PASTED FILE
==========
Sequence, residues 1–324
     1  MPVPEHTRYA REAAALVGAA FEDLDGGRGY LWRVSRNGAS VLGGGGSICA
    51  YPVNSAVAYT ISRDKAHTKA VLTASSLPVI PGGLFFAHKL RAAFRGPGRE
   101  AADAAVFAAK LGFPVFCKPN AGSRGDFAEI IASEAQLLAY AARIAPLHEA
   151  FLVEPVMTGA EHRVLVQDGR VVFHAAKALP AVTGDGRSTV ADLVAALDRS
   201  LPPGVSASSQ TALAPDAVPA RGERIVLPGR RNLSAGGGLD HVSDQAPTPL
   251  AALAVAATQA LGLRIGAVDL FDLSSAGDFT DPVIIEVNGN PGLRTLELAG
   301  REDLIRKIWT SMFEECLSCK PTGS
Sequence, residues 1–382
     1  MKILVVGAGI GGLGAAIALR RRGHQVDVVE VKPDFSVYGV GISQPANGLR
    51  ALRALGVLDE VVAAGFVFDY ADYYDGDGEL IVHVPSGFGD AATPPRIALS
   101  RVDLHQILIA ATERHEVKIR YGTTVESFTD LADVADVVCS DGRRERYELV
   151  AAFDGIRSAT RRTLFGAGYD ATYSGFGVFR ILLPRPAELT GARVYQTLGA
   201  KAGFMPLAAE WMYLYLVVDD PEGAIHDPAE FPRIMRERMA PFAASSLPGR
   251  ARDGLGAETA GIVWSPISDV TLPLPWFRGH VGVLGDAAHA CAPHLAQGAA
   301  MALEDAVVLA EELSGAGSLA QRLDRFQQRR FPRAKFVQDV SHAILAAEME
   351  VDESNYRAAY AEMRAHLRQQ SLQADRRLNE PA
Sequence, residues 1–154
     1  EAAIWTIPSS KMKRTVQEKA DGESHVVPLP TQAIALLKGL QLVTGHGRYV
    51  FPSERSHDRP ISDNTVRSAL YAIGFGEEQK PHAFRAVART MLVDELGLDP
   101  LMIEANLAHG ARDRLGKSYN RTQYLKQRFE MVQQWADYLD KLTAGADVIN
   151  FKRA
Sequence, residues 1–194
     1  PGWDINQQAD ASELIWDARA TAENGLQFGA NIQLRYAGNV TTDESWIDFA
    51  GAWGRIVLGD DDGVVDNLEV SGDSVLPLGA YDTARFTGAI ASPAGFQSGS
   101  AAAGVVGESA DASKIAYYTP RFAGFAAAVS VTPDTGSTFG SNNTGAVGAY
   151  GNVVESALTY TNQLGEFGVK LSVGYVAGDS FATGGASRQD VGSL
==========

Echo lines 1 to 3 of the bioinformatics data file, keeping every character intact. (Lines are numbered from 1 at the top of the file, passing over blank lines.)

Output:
Sequence, residues 1–324
     1  MPVPEHTRYA REAAALVGAA FEDLDGGRGY LWRVSRNGAS VLGGGGSICA
    51  YPVNSAVAYT ISRDKAHTKA VLTASSLPVI PGGLFFAHKL RAAFRGPGRE